Week 25 - Unknown Error

A fatal exception OE has occurred at 0028:C0011E36 in UXD VMM(01) - 00010E36. The current application will be terminated.

Press any key to continue _


He rode the elevator up, higher and higher. The ascent was silent. Polished metal and murky reflections. He held headphones firmly to his head. He kept his eyes closed, and waited for the careful jolt of arrival.

He stepped out of the elevator into a wide, open space at the peak of the building. Huge, floor to ceiling windows, in three hundred and sixty degrees. A view of the night outside. Soft glowing in the cloud. 

The headphones played music. He listened, in the back of his mind, as the front of his mind guided him around the room. He looked out each window, down onto the world below. Searching, searching, his face pressed close against the glass, moving around the entire floor.



and sixty


He pulled off the headphones and perceived only silence. He stepped back across the freshly cleaned carpet, stood back from the windows. He realised then that he was alone up here. Nobody was coming.

He sat down. Leaned back, stretched out. Lay plainly on the floor and stared at a featureless ceiling. Around him, his condensed breath slowly faded from the windows. He didn’t see it. Didn’t see the view gradually revealing itself.

Somewhere deep below him, the building began to rumble. He held onto the carpet, held on for dear life. Glass rattled. The elevator closed its doors and disappeared. The rumbling, the rattling. Unknowable, in the distance. He waited for it all to end. Opened his mouth, and let forth a stream of consciousness. Empty words told to an empty room at the top of an empty building.

As the rumbling subsided, he rolled onto his side, and noticed a platform rising from the carpeted floor.

Was this it? Finally, something worth the journey?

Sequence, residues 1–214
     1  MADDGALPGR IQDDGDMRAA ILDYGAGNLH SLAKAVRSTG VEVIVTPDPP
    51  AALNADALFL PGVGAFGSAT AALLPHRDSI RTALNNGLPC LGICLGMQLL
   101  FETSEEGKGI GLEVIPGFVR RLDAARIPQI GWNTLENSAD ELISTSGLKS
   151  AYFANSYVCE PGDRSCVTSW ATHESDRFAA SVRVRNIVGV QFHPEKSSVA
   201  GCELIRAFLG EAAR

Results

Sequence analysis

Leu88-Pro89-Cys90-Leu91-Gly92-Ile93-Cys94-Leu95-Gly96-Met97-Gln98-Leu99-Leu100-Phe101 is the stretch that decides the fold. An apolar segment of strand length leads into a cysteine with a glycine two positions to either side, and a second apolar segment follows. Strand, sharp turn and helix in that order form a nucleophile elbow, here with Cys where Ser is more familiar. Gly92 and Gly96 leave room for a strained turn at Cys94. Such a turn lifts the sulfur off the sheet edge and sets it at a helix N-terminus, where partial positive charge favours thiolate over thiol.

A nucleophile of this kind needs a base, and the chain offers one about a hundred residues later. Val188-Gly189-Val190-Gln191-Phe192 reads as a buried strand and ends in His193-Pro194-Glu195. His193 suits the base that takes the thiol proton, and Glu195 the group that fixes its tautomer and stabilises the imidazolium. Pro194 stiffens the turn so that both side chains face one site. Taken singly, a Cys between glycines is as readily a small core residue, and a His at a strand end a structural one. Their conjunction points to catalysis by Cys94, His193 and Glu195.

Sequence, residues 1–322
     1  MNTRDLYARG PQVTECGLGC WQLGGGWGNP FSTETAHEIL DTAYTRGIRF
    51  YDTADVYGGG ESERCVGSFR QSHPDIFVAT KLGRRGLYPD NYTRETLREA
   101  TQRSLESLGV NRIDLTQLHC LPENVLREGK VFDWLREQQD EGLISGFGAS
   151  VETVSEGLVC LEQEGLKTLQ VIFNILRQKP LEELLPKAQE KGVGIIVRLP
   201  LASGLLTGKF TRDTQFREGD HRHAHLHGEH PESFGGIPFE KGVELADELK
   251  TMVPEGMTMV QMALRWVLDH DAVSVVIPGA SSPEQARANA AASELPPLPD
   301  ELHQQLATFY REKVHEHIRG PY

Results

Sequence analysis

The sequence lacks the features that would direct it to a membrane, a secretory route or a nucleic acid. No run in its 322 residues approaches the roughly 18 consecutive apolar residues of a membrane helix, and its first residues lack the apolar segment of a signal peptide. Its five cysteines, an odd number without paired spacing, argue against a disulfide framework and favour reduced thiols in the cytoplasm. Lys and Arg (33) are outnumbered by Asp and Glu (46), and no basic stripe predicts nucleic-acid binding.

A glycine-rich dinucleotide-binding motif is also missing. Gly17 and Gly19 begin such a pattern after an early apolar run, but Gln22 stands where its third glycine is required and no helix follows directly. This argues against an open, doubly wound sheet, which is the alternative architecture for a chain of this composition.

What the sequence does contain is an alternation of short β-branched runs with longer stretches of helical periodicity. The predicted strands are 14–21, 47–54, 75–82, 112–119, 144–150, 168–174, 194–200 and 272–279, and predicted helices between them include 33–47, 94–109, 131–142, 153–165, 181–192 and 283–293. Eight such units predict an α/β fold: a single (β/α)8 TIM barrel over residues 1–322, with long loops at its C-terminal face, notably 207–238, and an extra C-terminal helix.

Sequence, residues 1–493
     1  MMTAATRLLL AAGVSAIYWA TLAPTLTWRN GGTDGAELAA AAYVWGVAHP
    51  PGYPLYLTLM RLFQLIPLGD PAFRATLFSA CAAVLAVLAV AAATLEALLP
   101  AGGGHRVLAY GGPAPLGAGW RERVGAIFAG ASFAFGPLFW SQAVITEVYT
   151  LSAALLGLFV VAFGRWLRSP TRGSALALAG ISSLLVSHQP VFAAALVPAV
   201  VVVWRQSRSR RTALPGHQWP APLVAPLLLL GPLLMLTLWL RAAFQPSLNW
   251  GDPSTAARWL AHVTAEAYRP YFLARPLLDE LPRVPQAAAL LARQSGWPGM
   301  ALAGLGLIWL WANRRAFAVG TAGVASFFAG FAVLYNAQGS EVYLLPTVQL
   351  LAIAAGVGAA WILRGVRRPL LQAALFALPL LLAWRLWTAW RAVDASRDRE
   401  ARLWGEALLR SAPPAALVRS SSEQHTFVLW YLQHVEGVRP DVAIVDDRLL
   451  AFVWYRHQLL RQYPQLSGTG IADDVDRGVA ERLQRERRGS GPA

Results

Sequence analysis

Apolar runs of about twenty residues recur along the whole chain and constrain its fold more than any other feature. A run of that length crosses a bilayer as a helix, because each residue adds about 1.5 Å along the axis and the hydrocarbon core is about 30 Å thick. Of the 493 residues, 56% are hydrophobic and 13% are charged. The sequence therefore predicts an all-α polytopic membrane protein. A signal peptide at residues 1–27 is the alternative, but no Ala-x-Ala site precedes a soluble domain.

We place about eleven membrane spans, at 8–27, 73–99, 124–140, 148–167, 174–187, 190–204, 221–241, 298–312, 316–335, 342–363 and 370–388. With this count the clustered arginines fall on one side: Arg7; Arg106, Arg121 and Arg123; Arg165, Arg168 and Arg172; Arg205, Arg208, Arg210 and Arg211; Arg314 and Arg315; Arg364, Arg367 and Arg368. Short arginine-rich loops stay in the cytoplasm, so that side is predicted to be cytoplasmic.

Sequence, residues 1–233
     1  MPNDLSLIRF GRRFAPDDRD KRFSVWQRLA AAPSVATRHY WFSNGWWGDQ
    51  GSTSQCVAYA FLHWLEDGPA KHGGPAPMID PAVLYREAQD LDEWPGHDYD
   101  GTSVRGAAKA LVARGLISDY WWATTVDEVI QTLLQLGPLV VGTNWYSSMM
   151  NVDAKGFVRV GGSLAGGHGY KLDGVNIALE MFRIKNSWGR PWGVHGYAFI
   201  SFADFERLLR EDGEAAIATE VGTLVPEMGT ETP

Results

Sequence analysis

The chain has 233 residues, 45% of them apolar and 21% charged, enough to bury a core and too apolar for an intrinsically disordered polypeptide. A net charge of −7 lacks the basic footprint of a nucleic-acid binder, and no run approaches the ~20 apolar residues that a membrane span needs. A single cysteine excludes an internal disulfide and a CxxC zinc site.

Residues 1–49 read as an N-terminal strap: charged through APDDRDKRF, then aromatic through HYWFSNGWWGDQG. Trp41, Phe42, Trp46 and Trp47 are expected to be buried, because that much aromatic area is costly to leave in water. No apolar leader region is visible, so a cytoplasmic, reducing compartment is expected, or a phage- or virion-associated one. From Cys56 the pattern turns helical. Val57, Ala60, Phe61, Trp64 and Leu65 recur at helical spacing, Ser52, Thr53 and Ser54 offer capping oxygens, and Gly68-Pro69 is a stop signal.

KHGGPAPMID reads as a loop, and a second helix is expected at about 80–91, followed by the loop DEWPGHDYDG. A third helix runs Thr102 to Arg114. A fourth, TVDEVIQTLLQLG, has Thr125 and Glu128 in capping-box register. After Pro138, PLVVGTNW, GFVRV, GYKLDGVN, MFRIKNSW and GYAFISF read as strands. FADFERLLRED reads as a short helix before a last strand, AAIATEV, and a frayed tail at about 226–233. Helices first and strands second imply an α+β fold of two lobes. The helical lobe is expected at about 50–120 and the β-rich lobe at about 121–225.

He stepped over as the platform stopped its climb, reaching, in the end, about waist height. On the platform, an old computer. No cables but for the one that connected a dusty keyboard to the faded, yellowing box.

He hit a key.

A monochromatic screen blinked to life. The yellowing box clicked angrily. Meaningless.

He leant in close, checked his breath so as not to fog the aging, curved screen.

Words rolled by in black and green. Lists, lists, list after list. Information hastily arranged, speeding by too quickly for comprehension.

He stamped his foot on the ground, tested for the rumbling. The building stayed thankfully upright. On with the lists.

Eventually, the text roll on the screen came to a stop. Left a final message.

He wondered if reading it made any difference. Because, up here, in this empty building, nobody would know. Nobody but him. He would always know, though, and that was what made it tough, of course.

He knew that whoever wrote it had probably done so long ago, and by now, was sure to have forgotten it.

He knew that someone, somewhere, sometime, had written it.

He knew that.

Goddamn hokum. Goddamn hogwash.

He read it anyway:

Words are a trap

Building blocks

Building a box

Imagine what it would be like to say something and mean it